Leadership: A Woman's Perspective - The Early Years
By Pepper de Callier
Part 2 of a 5 part series
In examining the lives and career elements of our four female leaders who were introduced in last week’s column I wanted to begin with their childhoods. Was there something different about these women as children and adolescents that would indicate leadership ability? Is there a common thread in their personalities or attitudes that might indicate they were leadership material at an early age? Did they know early on that they wanted to be leaders and were therefore driven to excel? These are the questions that began my interviews with each of them. Here’s what they had to say.
Was there something different about these women as young girls growing up? In the sense that none were child prodigies in any area the answer is no. They were good students, but so are many other girls. Two were ‘only’ children, but two had siblings, so there are no clues there either. None of these women were ‘driven’ to lead in their youth, in fact, two told me their early career goal was just to survive.
There were common threads, however, which surfaced early in their lives: discipline, optimism, reflection, and the ability to delay gratification. Klara Starkova and Zuzana Reznickova both attribute a large part of their success today to the discipline they learned in extra-curricular activities as a child, such as swimming, tennis, language training, and learning to play a musical instrument. Zuzana: “There is no question that the focus and discipline of sports as a young girl definitely had a positive impact on me later in life.” Klara adds a real gem of wisdom she learned from these activities: “The positive reinforcement through the demonstration of competence had a definite impact on my self-confidence.” I would add that these experiences probably also added a degree of stamina, or persistence in these women as they were maturing.
Sometimes there is a fine line between determination and optimism. Renata Mrazova recalls learning this from her grandfather, who has been a mentor and an ‘idol’ to her. His family had lost their business under the communist regime, but he never became bitter about that. Instead, he told young Renata to “Never give up!” and he demonstrated those words by his example—a memory that she cherishes to this day. This determination is the foundation for belief in yourself, which gives way to self-confidence, which in turn leads to optimism, or a strong belief that you will prevail.
Renata was later to demonstrate this in her own life when she was refused admittance as a student to university for what was most likely political reasons. What was her response—acceptance of defeat? No. She applied for a job at the university as a typist, viewing this rejection as a temporary setback. In essence, she learned how to delay gratification until the timing was right, which it eventually was and she got into university after the fall of the regime in 1989. This ability to delay gratification is a powerful tool in life as well as in a career.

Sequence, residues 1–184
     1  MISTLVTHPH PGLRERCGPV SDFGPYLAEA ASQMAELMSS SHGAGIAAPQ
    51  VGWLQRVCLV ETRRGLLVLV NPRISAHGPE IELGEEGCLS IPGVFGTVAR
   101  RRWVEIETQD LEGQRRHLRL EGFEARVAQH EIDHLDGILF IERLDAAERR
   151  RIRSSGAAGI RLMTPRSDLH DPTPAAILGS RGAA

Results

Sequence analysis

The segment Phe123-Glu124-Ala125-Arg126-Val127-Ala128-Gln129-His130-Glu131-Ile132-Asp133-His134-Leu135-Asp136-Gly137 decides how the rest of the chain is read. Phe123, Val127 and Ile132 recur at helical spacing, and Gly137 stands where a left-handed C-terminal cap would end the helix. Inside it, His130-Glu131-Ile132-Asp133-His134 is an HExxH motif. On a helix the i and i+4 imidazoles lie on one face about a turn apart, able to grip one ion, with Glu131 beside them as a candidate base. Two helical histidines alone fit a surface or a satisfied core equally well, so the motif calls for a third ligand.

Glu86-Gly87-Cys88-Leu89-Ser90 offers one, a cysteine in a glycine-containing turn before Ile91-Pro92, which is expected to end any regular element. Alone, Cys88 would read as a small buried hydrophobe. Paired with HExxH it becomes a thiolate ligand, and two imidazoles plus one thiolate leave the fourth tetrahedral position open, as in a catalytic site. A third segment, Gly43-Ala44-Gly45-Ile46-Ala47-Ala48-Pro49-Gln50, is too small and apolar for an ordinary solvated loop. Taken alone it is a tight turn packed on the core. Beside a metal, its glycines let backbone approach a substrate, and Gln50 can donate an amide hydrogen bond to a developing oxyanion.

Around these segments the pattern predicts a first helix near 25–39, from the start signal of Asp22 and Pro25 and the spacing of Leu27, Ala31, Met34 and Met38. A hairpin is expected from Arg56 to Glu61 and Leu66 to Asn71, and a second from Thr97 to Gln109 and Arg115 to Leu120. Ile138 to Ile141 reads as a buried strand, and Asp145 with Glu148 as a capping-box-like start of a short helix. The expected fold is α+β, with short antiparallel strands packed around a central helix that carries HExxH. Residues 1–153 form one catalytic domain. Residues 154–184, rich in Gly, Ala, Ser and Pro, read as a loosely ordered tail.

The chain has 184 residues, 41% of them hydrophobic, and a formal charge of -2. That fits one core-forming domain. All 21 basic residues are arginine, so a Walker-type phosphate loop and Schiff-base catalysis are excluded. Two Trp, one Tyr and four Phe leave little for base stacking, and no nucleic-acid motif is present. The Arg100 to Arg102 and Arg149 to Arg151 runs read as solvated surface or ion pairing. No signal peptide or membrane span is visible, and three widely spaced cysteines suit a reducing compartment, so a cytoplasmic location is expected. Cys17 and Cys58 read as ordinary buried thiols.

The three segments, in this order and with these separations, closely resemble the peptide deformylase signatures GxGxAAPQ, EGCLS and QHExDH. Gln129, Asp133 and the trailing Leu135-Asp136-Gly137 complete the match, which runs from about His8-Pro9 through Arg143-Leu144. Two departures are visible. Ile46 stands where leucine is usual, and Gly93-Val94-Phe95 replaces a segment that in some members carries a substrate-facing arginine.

Alena Ludrovska told me about an unusual mixture of reflection and discipline that formed an early foundational piece of what would become a very successful career. “I guess people may have looked at me as a leader because I always had a quick opinion about things. My view of everything was ‘black or white’—no gray areas.” Oddly enough, though, she began to notice that her quick opinions had an alienating effect on those around her. Gradually, in reflecting on this situation, Alena began to realize two very important things: life was not black and white and one of her weaknesses was that she was so focused on solving problems she didn’t listen to what other people had to say about them. The first point was truly one of reflection, but the second one would take a lot of discipline to remedy, especially for a young and very opinionated person. Today, Alena’s accomplishments as a leader have provided the material for case studies and she views her ability to listen to others as her most important competence as a leader. Not a bad result for a little reflection and some discipline.
So, what are the key lessons here about youth and leadership for us to learn from these women? Have any differences surfaced between women and men leaders in the early years?
To answer the first question, it’s clear that discipline, the ability to postpone gratification, and optimism are important foundational elements for a young person to master, not only for leadership, but for their general level of satisfaction and happiness in life. There is a strong message here for young parents, too: teach these skills to your children—make sure they have opportunities to demonstrate competence like Klara did—and the life rewards will be significant. To those of you, like me, who did not learn these things as a young person, don’t be discouraged. You can still learn these traits and use them to craft a wonderful future.
In answer to the second question: No. Not yet.
Good luck on your way up!